The MCS Foundation is managed by a professional staff with the guidance of an active, involved Board of Directors. We work with donors who wish to enhance educational opportunities for all students by making one-time gifts, annual pledges, lifetime gifts or legacy gifts. The Foundation’s current focus is supporting the Teacher Effectiveness Initiative. We support TEI by:
1. Investing in teaching and learning. We raise funds and awareness to enhance teacher effectiveness and accelerate academic achievement.
2. Mobilizing the community. We encourage and engage the community to give their time and treasure to support Memphis City School’s quest to be a best-in class public school system.
3. Acting as good stewards. We take seriously the trust the public has bestowed upon us as the fiscal agent for their donations and we continuously analyze, evaluate and report on our investments in students and teachers.
When you start talking about the Teacher Effectiveness Initiative, you have to be ready to make friends with acronyms like MET, TEM and TVAAS. And now that the TEI (acronym!) is moving firmly into implementation, the task is making sense of the mountains of data, statistics and survey results being generated.
Luckily for Memphis City Schools leaders, there are plenty of folks on staff who understand all that stuff—and one in particular who’s good at turning all that data into a story—with pictures.
“I like to call it ‘sense-making,’” says Jessica Lotz, describing her job as project coordinator for the Department of Teacher Talent and Effectiveness. “It’s somebody who can take a lot of data and make a story out of it—take complex information and make it understandable.”
A 2004 graduate of Bartlett High School, Jessica studied sociology at Rhodes College and earned a master’s degree public policy from Duke University. While at Rhodes, she was active in community organizing in North Memphis.
The value set she developed as an undergraduate strengthened her long-held desire to work in public service. And she did an internship in Washington, DC for about three months after graduating from Duke.
“I always thought I would end up in DC,” she said. “But as soon as I was there for a few months, I realized how much I really loved Memphis. All these things started happening while I was away, the Greenline, the grant from The Bill and Melinda Gates Foundation, the Memphis Farmer’s market—so many things we didn’t have whey I was a kid.”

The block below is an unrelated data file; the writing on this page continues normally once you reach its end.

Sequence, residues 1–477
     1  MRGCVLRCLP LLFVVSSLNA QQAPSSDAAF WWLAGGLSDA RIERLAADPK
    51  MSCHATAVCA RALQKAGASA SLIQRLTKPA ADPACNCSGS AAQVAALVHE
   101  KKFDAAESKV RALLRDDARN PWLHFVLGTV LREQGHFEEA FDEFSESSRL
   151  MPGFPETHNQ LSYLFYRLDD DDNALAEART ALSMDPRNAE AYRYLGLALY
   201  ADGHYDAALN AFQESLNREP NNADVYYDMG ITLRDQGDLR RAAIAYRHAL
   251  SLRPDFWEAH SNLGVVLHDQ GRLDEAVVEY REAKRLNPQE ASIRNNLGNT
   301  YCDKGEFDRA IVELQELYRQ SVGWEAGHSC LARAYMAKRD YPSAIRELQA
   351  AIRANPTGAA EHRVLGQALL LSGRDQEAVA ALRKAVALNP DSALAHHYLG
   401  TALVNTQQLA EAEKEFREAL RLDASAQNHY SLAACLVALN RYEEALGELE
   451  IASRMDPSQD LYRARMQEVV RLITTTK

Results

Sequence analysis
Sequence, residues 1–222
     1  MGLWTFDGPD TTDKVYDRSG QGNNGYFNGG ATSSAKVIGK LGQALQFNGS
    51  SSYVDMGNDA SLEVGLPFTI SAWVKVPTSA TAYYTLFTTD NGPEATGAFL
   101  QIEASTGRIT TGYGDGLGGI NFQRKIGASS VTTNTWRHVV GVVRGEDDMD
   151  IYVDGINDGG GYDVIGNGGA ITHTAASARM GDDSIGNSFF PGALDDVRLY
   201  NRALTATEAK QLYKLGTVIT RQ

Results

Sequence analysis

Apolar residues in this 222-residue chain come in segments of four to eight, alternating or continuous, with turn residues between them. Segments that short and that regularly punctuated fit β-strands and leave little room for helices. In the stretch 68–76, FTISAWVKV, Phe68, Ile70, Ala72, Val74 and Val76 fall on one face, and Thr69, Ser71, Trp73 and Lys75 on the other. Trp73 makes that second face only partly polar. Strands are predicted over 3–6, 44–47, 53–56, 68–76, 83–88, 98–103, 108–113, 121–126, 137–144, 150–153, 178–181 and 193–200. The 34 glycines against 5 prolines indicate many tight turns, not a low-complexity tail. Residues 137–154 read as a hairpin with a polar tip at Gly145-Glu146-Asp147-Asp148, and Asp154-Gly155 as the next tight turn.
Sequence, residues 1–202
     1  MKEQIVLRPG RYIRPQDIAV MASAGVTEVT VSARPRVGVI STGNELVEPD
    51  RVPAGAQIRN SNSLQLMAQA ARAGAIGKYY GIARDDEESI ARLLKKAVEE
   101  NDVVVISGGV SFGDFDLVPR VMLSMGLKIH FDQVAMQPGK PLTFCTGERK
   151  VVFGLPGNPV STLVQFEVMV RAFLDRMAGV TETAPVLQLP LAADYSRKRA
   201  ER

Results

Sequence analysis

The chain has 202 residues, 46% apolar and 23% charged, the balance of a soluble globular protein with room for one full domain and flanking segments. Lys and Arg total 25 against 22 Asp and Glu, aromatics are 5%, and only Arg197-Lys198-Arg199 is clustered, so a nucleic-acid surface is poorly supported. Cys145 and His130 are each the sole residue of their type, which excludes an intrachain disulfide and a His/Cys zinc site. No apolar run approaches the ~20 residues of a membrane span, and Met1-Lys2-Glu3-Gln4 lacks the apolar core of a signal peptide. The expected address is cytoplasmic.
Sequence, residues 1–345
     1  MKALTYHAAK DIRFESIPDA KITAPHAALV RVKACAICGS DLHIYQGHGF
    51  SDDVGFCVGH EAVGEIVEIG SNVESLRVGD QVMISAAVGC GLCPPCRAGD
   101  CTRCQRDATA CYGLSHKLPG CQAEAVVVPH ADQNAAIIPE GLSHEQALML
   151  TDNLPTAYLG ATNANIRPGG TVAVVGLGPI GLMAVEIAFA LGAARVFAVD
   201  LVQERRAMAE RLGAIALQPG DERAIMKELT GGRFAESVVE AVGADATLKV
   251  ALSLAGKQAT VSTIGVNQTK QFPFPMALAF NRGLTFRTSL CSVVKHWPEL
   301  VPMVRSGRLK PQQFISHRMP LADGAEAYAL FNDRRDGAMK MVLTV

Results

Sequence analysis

It didn’t take her long to decide that Memphis was still home.
“Everyone in DC is a lot more transient,” Jessica said. “They’re headed somewhere else. In Memphis you meet so many people who are from here, people who are committed to the community because they are here and they’re staying.”
Her commitment to the community led her to apply for a position at MCS.
“I did everything they say you’re not supposed to do to get a job—I cold applied online to be part of the Measures of Effective Teaching project,” she said. “I didn’t get it.”
But she made enough of an impression on her contact that she was encouraged to apply for her current position. And the rest is history—and number crunching.
“A big part of my job is surveying teachers on a semi-annual basis, on in-service training days,” Jessica says. “I try to make observations, produce graphs and figure out how to tell the story.”
The results of a February survey of about 4,000 teachers show a big shift in attitudes toward the observation process at the heart of TEI. In October (before the assessment process had really begun) 60 percent of teachers surveyed reported concerns about observers’ ability to assess lessons accurately and 40 percent reported concerns about the fairness and objectivity of observers. In February, roughly 70 percent of teachers agreed that most observers can accurately assess classroom activity and 74 percent agreed that observers have been fair and objective.
“This definitely surprised me. I’d like to see more “strongly agree” comments, Jessica said. “But we’re at a tipping point shift. It’s a completely different day in the life of teachers and principals that it was last year. And it doesn’t come overnight.”
The work of reform is absolutely critical in a city where the college attainment rate is about 24 percent, Jessica says.
“We have to make education relevant to a community that's on the cusp of economic change,” she said. “We have to expect students to excel above and beyond anywhere they've ever been before. At the end of the day, if you're 18 and you choose not to go to college, I hope that at least you got the chance to decide. Because it's really about choice.”
Education reform, and TEI in particular, is not about firing teachers, she says.
“It’s about supporting people and getting them what they need. We know that there are teachers out there in the toughest schools, in the toughest neighborhoods, that are advancing their students three or four years in one year,” she said. “We have to learn what it is they’re doing so we can spread that around. If you can cross-pollinate that across all our schools, then you really do start to make a difference.”
Board of Directors
William Mitchell, Chairman of the Board
Crye Leike Realtors
Ken Foster, Treasurer
Memphis Education Association
Lisa Wheeler, Secretary
Evans/Petree Law Firm
Vincent J. McCaskill
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